Fair Price for Beer ?

A recent study has highlighted that the average cost of a pint across Derbyshire is around £3.36, which see’s us, as a county, fair relatively well compared to the national average. But, with the rise and rise of Craft Beer, themselves commanding a premium price, what are you getting for your money and is this price justified?

I, personally am not a fan of the term ‘Craft Beer’, but it seems to be one that many choose to pigeon hole beers that have been served from a Keg and at a chilled temperature, rather than one served from a traditional Cask. But this term enables me to demonstrate what I believe to be differences.

It is my view, that there is demand from consumers to have a traditional cask served pint, priced around £3.00. Pub chains like Wetherspoon seem to support this notion and with their buying power are able to put certain demands on Breweries to provide a Beer that comes at the right price. As a consequence, the brewer has a choice, and I’m saying this broadly, they can either reduce their margin, or cut their costs to deliver a beer that delivers the needs of the price conscious consumer.

Keg or ‘Craft beer’, which if anyone remembers Watney’s Red Barrel, has not always been synonymous with quality ale. The consumer group CAMRA (Campaign for Real Ale) was formed in opposition to the growing mass production of this type of beer and the homogenisation of the British Brewing industry. Nowadays however, with Tap House’s, Micropubs, Ale Houses and Traditional pubs all having a space on their bar for this much maligned ale, it seems attitudes and taste buds are changing.

Not tarred with the same brush and to some degree not having the same consumer pressure, Breweries that brew for the ‘Craft beer’ market are able to be a little maverick and play with ingredients. Buxton Brewery’s collaboration with Swedish brew darlings Omnipollo demonstrates this quite nicely with a beer called ‘Original Maple Truffle Ice Cream Waffle’ – A big imperial porter brewed with maple syrup, cocoa nibs, cassia cinnamon, vanilla and lactose sugar and at 11.5% clearly not for the faint hearted and clearly not a session beer.

This see’s another change in the beer landscape, with craft beers being served in thirds and 2/3 pint measures, with the idea that the beer is sipped and savoured, not too unlike a glass of wine. This makes the cost relative to that of a pint of cask beer (albeit a smaller measure – but it generally has a higher ABV).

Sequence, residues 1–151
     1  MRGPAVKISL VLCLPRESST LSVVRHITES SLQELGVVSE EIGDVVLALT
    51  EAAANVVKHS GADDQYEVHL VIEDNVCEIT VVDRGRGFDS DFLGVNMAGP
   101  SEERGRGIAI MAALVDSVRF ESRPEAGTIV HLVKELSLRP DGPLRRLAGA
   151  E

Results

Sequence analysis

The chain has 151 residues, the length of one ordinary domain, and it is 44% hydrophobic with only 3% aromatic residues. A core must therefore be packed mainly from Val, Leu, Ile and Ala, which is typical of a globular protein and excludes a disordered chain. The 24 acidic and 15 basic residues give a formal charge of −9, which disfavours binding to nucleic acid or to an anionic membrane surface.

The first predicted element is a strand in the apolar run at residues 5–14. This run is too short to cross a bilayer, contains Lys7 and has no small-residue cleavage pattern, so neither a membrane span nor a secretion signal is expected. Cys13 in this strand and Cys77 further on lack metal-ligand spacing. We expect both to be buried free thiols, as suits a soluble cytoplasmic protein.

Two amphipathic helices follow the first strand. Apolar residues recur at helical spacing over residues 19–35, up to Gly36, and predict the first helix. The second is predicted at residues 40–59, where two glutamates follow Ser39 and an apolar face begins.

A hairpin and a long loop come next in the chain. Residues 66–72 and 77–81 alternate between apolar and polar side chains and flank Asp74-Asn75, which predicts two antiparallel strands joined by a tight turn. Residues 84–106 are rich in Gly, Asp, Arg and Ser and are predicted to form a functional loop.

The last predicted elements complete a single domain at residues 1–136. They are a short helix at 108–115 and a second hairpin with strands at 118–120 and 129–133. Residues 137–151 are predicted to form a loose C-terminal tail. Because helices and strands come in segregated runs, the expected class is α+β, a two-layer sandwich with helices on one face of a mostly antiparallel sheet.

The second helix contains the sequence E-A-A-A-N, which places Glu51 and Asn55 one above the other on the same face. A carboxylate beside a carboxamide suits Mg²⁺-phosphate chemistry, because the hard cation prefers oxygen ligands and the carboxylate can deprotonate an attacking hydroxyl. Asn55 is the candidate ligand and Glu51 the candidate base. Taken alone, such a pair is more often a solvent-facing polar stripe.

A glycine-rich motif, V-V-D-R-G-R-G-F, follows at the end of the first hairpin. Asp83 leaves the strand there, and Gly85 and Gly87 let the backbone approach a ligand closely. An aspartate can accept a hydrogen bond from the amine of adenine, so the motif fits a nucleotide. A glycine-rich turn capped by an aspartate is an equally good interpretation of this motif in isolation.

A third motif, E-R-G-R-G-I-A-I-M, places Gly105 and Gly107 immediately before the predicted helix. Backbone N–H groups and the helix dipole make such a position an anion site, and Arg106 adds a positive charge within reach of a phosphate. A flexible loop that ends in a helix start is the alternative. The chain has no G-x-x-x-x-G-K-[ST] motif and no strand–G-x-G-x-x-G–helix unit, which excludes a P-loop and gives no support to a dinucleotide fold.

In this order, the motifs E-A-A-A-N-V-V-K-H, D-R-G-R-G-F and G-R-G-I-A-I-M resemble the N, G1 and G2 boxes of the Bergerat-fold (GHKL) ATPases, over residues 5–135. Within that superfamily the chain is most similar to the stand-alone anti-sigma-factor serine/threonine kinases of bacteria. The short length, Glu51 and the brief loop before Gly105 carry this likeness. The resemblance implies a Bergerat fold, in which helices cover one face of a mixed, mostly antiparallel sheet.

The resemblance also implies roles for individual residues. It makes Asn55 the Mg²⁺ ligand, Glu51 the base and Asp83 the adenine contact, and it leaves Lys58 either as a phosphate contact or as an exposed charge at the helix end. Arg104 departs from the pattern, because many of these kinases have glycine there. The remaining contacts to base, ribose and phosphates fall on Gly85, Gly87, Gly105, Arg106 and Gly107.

Not all breweries exclusively brew beer for a certain market. Black Iris in Nottingham, who started brewing in the Flower Pot, Derby successful traverse both beer landscapes without compromising on quality. Some other breweries make certain core range beers available in Cask, but seem to keep seasonal beers exclusive to Keg, bottles or cans. I have noticed other established breweries creating a range of beers exclusively for the Craft beer market, rebranding existing beers to appeal a new, younger audience, or just cashing in?

For me, the brewing process is a complex one, the skill in replicating a recipe, delivering consistent tasting beers, developing new seasonal beers, whilst doing it all within a budget is currently undervalued and whilst I don’t necessarily agree with some of the extreme pricing in the ‘Craft beer’ world, I believe its more representative of what a beer is worth, regardless of the dispense mechanism.

It’s very unlikely that the price of beer will change much, the cost of duty in the country is one of the highest in Europe with over 52p for every pint sold going to the Chancellor (that’s one for another day), but I would encourage you all to look out for our local breweries. We are blessed with some great ones, within our region and if the price is more than you would ordinarily pay, consider if you feel it is a fair price and lend your support.

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